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Don't burn debris, officials say

Wildfire sparked by debris burn prompts warning of fire dangers

Randy Hoke's home
Randy Hoke's home

BRYCEVILLE, Fla. – As crews continued Thursday to fight a nearly 700-acre wildfire in Nassau County that was sparked by an illegal burn, forestry officials urged Northeast Florida residents not to burn any debris, because it's just too dangerous at this time of year.

The Bryceville wildfire was started about 2 p.m. Wednesday by a man who was burning boxes at a home on Wills Lane near Garfield Road.

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It grew quickly when the wind shifted, and by Thursday morning, 15 structures were destroyed, including at least two homes. The fire forced over 100 people to evacuate and shut down roads in the area of County Road 119 and County Road 121.

“It's been a long time since we've had this severe and this intense of a wildfire moving that quickly through the area,” said Annaleasa Winter, of the Florida Forest Service. “We knew this was going to be a bad fire season, and there's still a lot more of the fire season to come.”

Yard debris burns are never legal in Duval County, and forestry officials said they're not safe anywhere right now in Northeast Florida because of the dry conditions. St. Johns, Putnam and Volusia counties are under a burn ban right now, officials said.

“You might think it's safe, but a little bit of wind, low humidity, the pine straw, the leaf litter, all that stuff laying on the ground is extremely dry, and it's ready to burn,” Winter said. “People just turn their back for a second, and that's all it takes. The next thing you know, your house, your neighbor's house -- you just really don't know. You can't risk it now. Please hold off on burning yard debris. That is our leading cause of wildfires in Florida, and we just don't need to add to the problem.”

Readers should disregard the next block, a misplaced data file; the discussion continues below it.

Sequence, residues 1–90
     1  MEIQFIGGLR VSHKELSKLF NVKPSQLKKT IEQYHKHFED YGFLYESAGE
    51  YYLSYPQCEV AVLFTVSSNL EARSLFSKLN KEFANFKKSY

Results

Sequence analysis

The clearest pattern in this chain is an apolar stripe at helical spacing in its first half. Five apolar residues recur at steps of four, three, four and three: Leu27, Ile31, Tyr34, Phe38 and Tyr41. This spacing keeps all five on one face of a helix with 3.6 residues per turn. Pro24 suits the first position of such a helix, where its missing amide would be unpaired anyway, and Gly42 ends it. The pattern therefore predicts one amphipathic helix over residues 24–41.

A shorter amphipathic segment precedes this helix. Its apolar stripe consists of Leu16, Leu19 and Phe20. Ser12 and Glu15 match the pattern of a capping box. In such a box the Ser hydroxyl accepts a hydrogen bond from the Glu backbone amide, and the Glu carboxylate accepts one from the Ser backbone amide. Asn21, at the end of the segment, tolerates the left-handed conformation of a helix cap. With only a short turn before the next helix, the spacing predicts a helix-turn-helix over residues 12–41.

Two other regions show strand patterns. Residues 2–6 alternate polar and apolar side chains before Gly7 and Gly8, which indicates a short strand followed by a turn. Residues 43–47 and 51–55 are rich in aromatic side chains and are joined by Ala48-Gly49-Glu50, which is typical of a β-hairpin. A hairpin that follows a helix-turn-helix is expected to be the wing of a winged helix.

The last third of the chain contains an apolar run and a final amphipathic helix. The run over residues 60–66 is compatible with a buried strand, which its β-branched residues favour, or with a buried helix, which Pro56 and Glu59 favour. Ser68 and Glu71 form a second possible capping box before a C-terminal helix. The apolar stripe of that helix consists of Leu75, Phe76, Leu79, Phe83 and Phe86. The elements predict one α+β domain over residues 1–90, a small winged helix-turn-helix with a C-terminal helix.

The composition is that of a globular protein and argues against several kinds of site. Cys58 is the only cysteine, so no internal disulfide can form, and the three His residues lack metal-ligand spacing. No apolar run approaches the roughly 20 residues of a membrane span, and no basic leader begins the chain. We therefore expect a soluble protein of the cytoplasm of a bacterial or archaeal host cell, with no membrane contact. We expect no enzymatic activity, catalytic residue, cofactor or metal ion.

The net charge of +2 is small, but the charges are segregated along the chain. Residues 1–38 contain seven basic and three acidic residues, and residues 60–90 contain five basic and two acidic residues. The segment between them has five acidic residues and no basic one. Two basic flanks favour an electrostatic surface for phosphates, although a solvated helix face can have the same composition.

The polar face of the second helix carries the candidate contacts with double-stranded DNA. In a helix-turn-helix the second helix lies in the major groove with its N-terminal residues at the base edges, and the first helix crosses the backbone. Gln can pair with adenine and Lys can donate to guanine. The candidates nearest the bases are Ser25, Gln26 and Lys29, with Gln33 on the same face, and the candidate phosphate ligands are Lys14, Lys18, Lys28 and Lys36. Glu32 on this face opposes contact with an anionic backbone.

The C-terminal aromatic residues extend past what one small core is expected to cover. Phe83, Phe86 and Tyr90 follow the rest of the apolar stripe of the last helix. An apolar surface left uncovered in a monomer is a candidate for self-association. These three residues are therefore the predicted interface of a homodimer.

Winter said the area won't get a break from the dry conditions until the rains come in May and June.

Prepare your home

She said forestry and fire officials are counting on residents to help prepare their homes for the ongoing fire season.

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She said residents in rural areas should make sure they have 30 feet of “clear, defensible space with no flammable materials” around their homes.

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“Pine straw, leaf litter -- clean all that off your roof, out of your gutters and off your decks, any wooden attachments to the house. You want to clear your fence line and brushes back,” Winter said. “Take the time now to prepare your house.”

Randy Wyse, president of the Jacksonville Association of Firefighters, also stressed the importance of cleaning out the gutters.

"All it takes is one very small ember to get into those leaves, and if it's dry enough, it could stay there hours, sometimes days, smoldering," he said.

Wyse added that dried palm and palmetto trees close to homes can also be dangerous. He said make sure that trees are trimmed and the ground is clear.

"Even leaves -- make sure your yard is raked away from your home and the leaves are pushed back," Wyse said. "If you have a slow ground fire that will run right up until the home."

Winter said those preparations can help firefighters safely defend a home if there is a fire in the area.

For more information on how to prepare properties for wildfires, go to firewise.org.


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